The transmission system or transmitter of the present invention allows one to alleviate the above limitations and allows efficient propagation of optical signals over long distances without suffering from the impairments due to Brilloum scattering.
The information-bearing signals (data signals) 20 have a first spectral distribution. The complex non-information signals generated by complex non-information source 14 have a second spectral distribution. The first and second spectral distributions are substantially non-overlapping. This allows broadening of the frequency bandwidth of the optical signal output 22 before launching the optical into the optical transport medium 24, such as, an optical fiber.
In all of these cases the increased Brillion threshold is possible because of the increased optical field modulation causing wavelength chirp. This causes a shift in the Brillion acoustic wavelength, thus overcoming the Brillion threshold launch limitations. The rate of chaotic, spread spectrum, etc optical field modulation can additionally allow lower peak amplitude values required for sufficient Stimulated Brillion Suppression.
A direct modulation of a coherent laser source can be achieved, for example, by the use of an electro-optical modulator that applies a voltage across a birefringent crystal, such as in a pockels cell, to vary differentially the refractive index along various crystal axes. The operational mode of the electro-optical modulator is voltage dependent and generally consists of polarization by 90 deg. A light beam incident upon the three-dimensional pattern of refractive indices is variably diffracted to create losses in the laser cavity and modulation in intensity of the emitted beam. Examples of an external modulator 114 that can be used in transmitter 100 include a Mach-Zehnder modulator.
The modulation of the complex waveforms used in the modulation of the optical radiation generated by coherent laser source 112 is performed in the electrical domain. This includes modulation by pseudo-random electrical signals, spread-spectrum electrical signals, or chaotic electrical signals, as well as baseband and subcarrier modulation.
In an embodiment, the complex waveforms are directly modulated, e.g., amplitude modulated, by pseudo-random signals sent through line 124 to adding device 120 to be added to the upconverter signal sent through line 126 as shown in
In another embodiment, the complex waveforms are directly modulated, e.g., amplitude modulated, by spread spectrum signals sent through line 124 to adding device 120 to be added to upconverter signal sent through line 126 as shown in
In another embodiment, the complex waveforms are directly modulated, e.g., amplitude modulated by chaotic signals sent through line 124 to adding device 120 to be added to upconverter signal sent through line 126 as shown in
The coherent laser source 112 emits a modulated optical signal, modulated with the complex waveform which may be, for example, random waveforms, spread spectrum waveforms or chaotic waveforms. The optical signal, modulated with the complex signals, which are non-information signals, then is transmitted through optical fiber 122 to external modulator 114 where data to be transmitted is imposed on the modulated optical signal and launched into transmission optical fiber 130. At this stage, optical amplification may or may not be performed prior to launching into the transmission line 130.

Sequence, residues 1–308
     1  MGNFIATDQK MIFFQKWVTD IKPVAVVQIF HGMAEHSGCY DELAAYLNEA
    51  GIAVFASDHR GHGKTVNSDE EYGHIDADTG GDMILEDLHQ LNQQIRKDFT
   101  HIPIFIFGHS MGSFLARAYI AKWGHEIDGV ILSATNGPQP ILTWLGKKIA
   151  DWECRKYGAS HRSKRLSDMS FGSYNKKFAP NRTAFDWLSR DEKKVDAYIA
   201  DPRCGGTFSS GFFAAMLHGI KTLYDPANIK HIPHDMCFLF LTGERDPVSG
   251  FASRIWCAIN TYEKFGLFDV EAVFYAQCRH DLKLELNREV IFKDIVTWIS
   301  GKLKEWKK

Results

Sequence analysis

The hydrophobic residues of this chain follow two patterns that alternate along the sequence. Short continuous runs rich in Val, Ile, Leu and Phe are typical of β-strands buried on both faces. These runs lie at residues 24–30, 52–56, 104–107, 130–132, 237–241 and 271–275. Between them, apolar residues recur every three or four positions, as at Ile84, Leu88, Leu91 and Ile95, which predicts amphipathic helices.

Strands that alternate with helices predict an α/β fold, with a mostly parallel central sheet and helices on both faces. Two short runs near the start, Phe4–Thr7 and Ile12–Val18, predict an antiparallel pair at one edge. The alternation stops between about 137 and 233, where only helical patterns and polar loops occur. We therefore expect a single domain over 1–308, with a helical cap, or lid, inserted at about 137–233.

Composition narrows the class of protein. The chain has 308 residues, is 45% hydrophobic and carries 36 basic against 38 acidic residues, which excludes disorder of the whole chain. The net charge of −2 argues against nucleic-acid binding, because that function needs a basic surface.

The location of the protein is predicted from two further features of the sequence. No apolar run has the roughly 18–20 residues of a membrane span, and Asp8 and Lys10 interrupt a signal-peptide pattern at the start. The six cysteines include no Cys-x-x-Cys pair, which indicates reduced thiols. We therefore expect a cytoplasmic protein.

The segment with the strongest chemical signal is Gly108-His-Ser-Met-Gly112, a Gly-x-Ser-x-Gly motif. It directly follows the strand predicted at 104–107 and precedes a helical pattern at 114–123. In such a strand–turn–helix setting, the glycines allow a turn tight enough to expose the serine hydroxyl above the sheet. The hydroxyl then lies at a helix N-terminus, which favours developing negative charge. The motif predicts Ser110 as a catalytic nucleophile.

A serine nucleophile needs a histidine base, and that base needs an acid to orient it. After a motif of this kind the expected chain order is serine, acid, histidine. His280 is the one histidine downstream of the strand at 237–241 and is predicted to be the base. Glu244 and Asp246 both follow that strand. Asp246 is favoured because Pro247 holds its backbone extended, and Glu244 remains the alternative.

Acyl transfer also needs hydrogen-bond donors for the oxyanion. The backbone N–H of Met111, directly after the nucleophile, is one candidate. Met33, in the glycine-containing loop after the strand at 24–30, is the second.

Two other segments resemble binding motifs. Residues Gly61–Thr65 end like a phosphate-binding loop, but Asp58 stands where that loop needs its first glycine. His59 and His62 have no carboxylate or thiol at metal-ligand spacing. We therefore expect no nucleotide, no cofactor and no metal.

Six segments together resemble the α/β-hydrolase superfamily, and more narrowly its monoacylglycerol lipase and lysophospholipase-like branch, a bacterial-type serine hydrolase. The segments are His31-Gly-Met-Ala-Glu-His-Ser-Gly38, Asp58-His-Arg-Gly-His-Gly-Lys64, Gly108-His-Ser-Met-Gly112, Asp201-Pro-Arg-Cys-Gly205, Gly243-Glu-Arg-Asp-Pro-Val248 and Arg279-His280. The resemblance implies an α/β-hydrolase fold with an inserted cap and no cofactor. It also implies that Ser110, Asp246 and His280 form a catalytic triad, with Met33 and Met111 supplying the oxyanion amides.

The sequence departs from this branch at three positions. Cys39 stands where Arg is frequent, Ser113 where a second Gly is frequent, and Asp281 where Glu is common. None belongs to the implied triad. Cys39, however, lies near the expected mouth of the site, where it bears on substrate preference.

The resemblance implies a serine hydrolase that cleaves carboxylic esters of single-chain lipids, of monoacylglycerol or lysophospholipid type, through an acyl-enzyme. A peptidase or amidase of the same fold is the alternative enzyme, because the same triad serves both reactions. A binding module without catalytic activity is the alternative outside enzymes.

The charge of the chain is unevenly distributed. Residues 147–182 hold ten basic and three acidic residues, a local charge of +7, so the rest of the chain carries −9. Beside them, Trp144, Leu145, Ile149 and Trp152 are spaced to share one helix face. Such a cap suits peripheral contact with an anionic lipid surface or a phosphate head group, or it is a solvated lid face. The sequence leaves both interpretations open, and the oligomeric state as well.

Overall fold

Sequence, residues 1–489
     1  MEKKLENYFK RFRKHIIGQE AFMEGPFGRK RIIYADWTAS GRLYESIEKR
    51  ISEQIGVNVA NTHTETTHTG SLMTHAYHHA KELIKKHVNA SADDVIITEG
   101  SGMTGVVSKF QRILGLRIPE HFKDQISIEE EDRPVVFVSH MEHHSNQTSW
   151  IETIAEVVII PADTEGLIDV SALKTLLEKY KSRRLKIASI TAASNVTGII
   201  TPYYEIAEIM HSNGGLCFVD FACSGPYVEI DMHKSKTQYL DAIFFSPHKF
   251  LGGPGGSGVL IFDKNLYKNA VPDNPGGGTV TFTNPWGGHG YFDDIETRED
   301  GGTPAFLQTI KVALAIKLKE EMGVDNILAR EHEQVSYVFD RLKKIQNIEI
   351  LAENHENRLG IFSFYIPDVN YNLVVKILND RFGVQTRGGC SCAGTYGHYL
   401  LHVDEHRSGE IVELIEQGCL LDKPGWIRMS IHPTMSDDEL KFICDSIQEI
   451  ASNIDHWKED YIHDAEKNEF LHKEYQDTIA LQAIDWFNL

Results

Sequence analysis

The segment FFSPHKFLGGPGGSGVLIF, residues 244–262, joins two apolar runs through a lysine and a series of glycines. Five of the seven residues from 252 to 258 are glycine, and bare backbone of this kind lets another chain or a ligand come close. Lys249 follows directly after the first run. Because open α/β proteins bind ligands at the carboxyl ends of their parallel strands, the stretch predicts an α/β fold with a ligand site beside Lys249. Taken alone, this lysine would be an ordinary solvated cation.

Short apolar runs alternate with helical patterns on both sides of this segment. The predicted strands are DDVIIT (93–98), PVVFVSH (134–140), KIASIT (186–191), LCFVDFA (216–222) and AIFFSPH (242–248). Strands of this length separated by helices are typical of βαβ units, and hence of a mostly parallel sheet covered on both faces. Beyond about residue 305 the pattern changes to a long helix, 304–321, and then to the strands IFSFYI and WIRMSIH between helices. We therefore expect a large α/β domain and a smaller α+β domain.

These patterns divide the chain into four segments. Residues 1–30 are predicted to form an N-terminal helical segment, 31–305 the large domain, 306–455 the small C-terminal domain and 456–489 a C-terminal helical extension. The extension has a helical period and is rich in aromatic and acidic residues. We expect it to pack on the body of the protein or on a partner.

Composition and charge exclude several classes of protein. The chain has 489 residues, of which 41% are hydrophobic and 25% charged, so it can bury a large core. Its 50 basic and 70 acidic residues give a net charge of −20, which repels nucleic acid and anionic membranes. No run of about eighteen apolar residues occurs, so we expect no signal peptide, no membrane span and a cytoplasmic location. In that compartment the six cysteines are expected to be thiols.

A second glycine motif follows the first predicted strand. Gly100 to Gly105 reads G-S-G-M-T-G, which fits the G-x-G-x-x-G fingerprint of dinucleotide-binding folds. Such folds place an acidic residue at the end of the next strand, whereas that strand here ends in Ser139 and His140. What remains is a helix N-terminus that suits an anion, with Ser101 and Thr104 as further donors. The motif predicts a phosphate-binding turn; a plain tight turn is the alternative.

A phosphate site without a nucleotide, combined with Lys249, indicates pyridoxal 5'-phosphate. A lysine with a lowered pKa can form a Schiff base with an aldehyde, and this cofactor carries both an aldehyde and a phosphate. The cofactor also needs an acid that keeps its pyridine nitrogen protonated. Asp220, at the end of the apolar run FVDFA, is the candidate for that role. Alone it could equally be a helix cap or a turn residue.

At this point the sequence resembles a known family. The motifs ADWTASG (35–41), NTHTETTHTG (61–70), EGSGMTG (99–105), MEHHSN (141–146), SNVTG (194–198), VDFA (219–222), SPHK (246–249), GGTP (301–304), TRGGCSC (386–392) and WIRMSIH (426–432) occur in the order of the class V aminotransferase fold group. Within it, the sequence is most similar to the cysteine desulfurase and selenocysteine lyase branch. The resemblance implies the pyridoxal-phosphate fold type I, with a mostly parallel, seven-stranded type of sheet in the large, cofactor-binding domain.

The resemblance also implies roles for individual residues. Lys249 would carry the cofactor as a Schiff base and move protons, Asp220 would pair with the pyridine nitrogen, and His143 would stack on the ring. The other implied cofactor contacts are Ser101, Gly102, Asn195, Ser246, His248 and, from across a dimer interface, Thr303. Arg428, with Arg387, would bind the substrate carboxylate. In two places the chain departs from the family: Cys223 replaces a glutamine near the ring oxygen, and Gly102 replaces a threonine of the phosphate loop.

The signal spectrum 200 at the launch point is shown in
In another embodiment, all the signals including the subcarrier multiplexed complex signals as well as the baseband complex waveforms and the data signals (information signals) are imposed onto an optical carrier using a single external modulator 314 as shown in
In an embodiment, the complex waveforms may be amplitude modulated by pseudo-random signals sent through line 324 to adding device 320 to be added to upconverter signal sent through line 326 and to be added to data signal transmitted through line 328 as shown in
In another embodiment, the complex waveforms are modulated, e.g. amplitude modulated, by spread spectrum signals sent through line 324 to adding device 320 to be added to upconverter signal sent through line 326 and to be added to data signal transmitted through line 328 as shown in
In another embodiment, the complex waveforms are modulated, e.g., amplitude modulated, by chaotic signals sent through line 324 to adding device 320 to be added to upconverter signal sent through line 326 and to be added to data signal transmitted through line 328 as shown in
The optical coherent laser radiation is then modulated by the superposition of a complex multiplexed signal including the data signal to form a modulated optical signal. The modulated optical signal is then launched in the optical fiber transmission line 332. Similarly to the embodiments illustrated in
In another embodiment, the modulation is accomplished by using two modulators as shown in
In an embodiment, the complex wavefonms are modulated, e.g., amplitude modulated, by pseudo-random signals sent through line 424 to adding device 420 to be added to upconverter signal sent through line 426 as shown in
In another embodiment, the complex waveforms are modulated, e.g., amplitude modulated, by spread spectrum signals sent through line 424 to adding device 420 to be added to upconverter signal sent through line 426 as shown in